He added that if he doesn’t make the NFL, he wants to explore the medical field, specifically anesthesiology. In whatever he pursues, Smith is aware he’ll face challenges because of his race. But that’s not stopping him in the least bit. “I know the odds are against me because of my skin tone and all, but I don’t really let it get to me,” he said. “I just stay to myself and try to help those around me. I’ve always understood since I was little that people would see me different.”

To read more, go to: Outstanding High School Junior Already Offered 33 Full-Ride Scholarships | HuffPost

Gospel Legend Shirley Caesar’s Viral #UNameItChallenge Leads to New Fame, More Charity

Shirley Caesar (photo via defendernetwork.com)

Shirley Caesar (photo via defendernetwork.com)

article by Bil Carpenter via blackenterprise.com

A couple of weeks ago, a friend of DJ Suede, also known as “the Remix God,” sent him a video clip of traditional gospel music legend Pastor Shirley Caesar’s 2007 remake of her 1988 classic “Hold My Mule.” Suede, an Atlanta-based mixer with an Instagram following of almost 100K,  has said that he’ll remix anything. Since his mom was also a big fan of the 11 time Grammy Award-winning artist, he just remixed the song for fun, posting it online with the tag, “Grandma, what are you cooking for Thanksgiving?”

That intoxicating hip-hop music mashup has now become the viral success story of the season. It was even referenced during this year’s American Music Awards telecast, and pushed “Hold My Mule,” a song recorded long before Billboard started compiling gospel song charts, into the No. 1 spot on this week’s Gospel Streaming Songs chart, thanks to over 800,000 streams within the last week. It’s the song’s first time on any national chart.

In the original song, Caesar tells the story of an 86-year-old man named Shouting John, who joined a church that didn’t believe in dancing and speaking in tongues. John was kicked put out of the church for shouting too loudly during the sermon.

He countered his ouster with a testimony that God had blessed him as a farmer.”Look!” he shouted. “I got beans, greens, potatoes, tomatoes, lambs, rams, hogs, dogs, chickens, turkeys, rabbits … you name it!” (See the 5:45 mark in the YouTube video above.) That line became the foundation for Suede’s “You Name It! ” remix.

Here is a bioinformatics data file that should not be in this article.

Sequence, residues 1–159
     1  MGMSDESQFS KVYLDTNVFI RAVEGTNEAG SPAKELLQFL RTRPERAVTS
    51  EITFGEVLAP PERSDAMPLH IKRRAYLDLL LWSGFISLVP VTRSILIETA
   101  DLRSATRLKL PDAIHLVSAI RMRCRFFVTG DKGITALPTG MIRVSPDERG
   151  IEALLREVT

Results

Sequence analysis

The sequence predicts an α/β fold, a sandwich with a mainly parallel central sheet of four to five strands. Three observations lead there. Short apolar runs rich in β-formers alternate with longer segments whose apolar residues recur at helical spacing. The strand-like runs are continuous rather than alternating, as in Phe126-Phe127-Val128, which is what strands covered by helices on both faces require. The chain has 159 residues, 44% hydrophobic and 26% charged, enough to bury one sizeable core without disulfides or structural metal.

“It was just a song,” Suede told Big Tigger, on Atlanta’s V103 radio station. Then, on November 13, R&B star Chris Brown reposted the song with his signature choreography with the hastag #UNameItChallenge on his Instagram page. It has since racked up over 2.3 million views on Brown’s page, motivating thousands of people to share it and to answer the challenge with their own video dance responses.

Initially, some observers wondered if the 78-year-old Caesar, who was a hardliner in her younger days about the separation of gospel and mainstream music, would object to the viral video. However, she’s in nearly full support of this new incarnation of it. Continue reading

Civil Rights Pioneer Pauli Murray’s Home in NC Slated to Become National Historic Landmark

Civil Rights Pioneer Pauli Murray (Photo via thegrio.com)

Civil Rights Pioneer Pauli Murray (Photo via thegrio.com)

article via jbhe.com

The Pauli Murray Project at the Human Rights Center at Duke University has been working for many years to obtain landmark status for the civil rights activist’s home in Durham, NC. Those efforts have finally reached fruition.

Recently the Landmarks Committee of the National Park Service unanimously voted to recommend that the home at 906 Carroll Street become a National Historic Landmark. The final decision on the matter rests with the Secretary of the Interior and the decision can be made before the change in presidential administrations. The Pauli Murray Project has fully restored the home and it is expected that it will be made into a museum and social justice center.

A native of Baltimore, Pauli Murray was orphaned at age 13. She went to Durham, North Carolina to live with an aunt. After graduating from high school at the age of 16, she enrolled in Hunter College in New York City. She was forced to drop out of school at the onset of the Great Depression. In 1938, she mounted an unsuccessful legal effort to gain admission to the all-white University of North Carolina at Chapel Hill. In 1940, 15 years earlier than Rosa Parks, Murray was arrested for refusing to sit in the back of a bus in Virginia.

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Pauli Murray’s home before and after restoration